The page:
Feb 14, 2017
While students who are homeschooled often benefit from a much smaller student-to-teacher ratio, there’s an opportunity for tutors to jump in where parents and caretakers may have fallen short.
In 2012, the number of homeschooled students in the United States was 1,773,000, or 3.4% of elementary and secondary school-aged children that year. The number of children homeschooled between 2003 and 2012 increased by 61.9%— that’s 677,000 children. Last year, the U.S. Department of Education reported that homeschooling rates increased as much as 63% (Source: National Center for Education Statistics, 2016).
Not too long ago, parents cited religion as the number one reason they chose to homeschool their children. Nowadays, parents are homeschooling their kids because they worry about curriculum efficacy in the school system. Homeschooled students were traditionally educated solely by their parents, but an increasing number of parents are now hiring tutors to provide their children with a more structured homeschool education.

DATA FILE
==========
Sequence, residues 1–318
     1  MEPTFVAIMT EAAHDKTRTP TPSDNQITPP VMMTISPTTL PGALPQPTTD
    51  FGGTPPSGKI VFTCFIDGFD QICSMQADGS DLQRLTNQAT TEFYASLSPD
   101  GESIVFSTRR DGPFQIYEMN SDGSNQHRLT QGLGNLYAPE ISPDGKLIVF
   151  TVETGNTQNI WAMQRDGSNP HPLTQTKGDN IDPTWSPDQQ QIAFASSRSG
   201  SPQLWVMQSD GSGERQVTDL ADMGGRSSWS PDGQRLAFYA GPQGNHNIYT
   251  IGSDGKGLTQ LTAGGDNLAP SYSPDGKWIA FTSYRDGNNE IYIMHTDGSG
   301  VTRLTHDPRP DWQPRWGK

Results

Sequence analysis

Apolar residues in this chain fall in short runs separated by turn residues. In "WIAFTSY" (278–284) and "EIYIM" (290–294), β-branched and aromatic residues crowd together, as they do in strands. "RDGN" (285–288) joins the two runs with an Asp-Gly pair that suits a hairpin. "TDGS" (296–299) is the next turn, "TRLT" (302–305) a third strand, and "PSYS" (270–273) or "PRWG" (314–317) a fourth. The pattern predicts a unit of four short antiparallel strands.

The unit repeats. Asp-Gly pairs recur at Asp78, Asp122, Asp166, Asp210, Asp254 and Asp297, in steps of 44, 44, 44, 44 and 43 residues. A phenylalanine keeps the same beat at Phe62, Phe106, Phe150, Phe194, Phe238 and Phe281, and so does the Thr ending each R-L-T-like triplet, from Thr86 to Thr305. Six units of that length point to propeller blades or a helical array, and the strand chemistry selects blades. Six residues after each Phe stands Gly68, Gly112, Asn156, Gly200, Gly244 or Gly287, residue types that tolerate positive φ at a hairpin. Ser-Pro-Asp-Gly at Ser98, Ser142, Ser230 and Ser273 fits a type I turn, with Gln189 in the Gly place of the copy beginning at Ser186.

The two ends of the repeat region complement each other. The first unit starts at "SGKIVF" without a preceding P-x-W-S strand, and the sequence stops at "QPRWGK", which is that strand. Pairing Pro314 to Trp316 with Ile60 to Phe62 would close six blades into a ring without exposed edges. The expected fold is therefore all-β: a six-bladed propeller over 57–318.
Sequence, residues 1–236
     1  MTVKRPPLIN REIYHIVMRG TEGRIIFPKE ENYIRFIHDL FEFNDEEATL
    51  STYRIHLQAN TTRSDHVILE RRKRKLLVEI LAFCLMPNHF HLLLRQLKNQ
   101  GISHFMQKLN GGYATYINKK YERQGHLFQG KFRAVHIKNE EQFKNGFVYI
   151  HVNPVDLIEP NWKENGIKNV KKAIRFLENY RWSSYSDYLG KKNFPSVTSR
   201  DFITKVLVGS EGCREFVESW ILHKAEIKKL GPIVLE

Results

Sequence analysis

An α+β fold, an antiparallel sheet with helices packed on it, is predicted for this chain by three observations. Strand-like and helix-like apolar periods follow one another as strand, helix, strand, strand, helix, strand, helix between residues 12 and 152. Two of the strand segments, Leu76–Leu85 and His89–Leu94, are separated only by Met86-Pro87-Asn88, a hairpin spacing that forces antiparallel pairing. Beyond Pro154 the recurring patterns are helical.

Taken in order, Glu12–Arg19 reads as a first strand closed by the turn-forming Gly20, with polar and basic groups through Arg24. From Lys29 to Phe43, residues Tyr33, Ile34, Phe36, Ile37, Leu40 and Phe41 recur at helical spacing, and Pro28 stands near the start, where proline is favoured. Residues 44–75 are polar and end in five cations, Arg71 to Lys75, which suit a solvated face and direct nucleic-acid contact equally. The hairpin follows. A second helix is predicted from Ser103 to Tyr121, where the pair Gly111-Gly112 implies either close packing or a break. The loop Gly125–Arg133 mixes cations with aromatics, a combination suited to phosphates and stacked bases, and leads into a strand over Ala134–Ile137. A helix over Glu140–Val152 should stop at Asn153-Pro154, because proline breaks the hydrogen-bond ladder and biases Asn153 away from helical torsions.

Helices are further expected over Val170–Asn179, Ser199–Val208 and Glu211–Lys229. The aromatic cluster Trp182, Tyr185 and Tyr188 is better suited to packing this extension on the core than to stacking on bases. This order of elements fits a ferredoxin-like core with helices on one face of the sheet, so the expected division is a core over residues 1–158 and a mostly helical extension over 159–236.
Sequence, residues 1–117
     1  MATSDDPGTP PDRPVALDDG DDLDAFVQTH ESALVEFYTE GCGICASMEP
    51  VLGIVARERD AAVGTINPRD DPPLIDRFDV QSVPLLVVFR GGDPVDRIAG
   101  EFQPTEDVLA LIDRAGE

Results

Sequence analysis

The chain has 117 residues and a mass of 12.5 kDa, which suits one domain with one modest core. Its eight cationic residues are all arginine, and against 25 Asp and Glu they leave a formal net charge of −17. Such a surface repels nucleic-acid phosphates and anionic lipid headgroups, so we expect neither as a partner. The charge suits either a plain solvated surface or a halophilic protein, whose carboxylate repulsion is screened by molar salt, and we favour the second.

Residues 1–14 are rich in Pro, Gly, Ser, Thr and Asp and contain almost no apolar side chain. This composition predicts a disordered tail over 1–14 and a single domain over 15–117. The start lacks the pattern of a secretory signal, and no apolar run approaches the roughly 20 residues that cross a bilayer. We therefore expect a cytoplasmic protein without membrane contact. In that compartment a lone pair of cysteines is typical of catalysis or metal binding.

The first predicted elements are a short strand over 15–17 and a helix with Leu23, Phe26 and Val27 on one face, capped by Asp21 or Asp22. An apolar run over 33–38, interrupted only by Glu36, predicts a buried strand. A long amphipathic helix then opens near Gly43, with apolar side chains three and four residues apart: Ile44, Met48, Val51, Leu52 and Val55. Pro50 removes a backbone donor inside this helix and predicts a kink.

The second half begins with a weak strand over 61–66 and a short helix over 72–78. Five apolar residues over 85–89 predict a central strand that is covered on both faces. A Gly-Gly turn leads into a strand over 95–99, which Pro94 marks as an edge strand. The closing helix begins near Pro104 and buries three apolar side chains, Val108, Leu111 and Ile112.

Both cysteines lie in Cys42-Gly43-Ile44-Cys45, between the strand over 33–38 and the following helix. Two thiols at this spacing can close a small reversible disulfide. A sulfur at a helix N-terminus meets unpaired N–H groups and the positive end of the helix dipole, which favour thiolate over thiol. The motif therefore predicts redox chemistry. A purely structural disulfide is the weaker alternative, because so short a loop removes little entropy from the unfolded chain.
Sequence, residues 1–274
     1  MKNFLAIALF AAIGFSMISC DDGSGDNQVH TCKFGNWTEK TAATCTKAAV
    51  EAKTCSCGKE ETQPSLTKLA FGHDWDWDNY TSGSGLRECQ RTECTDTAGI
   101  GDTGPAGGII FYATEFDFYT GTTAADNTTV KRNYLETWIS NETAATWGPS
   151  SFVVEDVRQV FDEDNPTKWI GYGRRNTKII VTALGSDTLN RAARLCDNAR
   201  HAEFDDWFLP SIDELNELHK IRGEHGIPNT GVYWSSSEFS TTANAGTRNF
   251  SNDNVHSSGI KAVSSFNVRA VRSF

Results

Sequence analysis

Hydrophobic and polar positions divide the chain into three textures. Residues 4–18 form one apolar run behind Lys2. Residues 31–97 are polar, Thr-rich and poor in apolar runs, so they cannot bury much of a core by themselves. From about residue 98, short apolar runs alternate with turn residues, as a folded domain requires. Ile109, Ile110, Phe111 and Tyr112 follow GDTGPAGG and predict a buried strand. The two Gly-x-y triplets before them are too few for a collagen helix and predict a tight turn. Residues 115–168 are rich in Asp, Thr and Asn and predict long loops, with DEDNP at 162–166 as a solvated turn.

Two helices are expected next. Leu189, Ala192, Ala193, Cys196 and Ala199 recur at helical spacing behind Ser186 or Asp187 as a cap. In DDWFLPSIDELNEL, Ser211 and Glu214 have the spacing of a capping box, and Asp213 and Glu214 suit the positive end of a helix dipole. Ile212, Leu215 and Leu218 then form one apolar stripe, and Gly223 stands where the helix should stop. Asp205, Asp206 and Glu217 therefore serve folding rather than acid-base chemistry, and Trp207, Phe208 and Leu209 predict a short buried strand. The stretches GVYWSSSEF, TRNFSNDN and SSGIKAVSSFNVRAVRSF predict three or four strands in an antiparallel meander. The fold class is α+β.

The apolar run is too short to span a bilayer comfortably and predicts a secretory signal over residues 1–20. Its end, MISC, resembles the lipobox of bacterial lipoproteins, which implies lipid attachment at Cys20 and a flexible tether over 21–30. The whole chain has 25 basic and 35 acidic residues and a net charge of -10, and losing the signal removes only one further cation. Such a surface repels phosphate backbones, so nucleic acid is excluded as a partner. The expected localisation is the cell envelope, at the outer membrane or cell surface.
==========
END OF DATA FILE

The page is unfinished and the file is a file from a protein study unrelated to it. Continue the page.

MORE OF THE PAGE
Referrals: Parents who are advocates of homeschooling are often connected to networks of others who share the same feelings. Meaning, if you click well with a student, you can easily be referred to other families in that network, thus quickly expanding your client base.
Flexible Daytime Hours: Tutoring a homeschooled student often requires a greater time commitment than the weekly average. If you prefer to work during your typical nine-to-five, homeschool tutoring often happens between 8am and 3pm, which can work to your benefit.
Want to know how prevalent homeschooling is in your local area? This guide from AtoZ Homeschool provides a good estimate of the population of homeschooled children per state.
Are you a homeschool tutor in need of some administrative support? Clark’s got you covered. Visit HiClark.com today to learn more.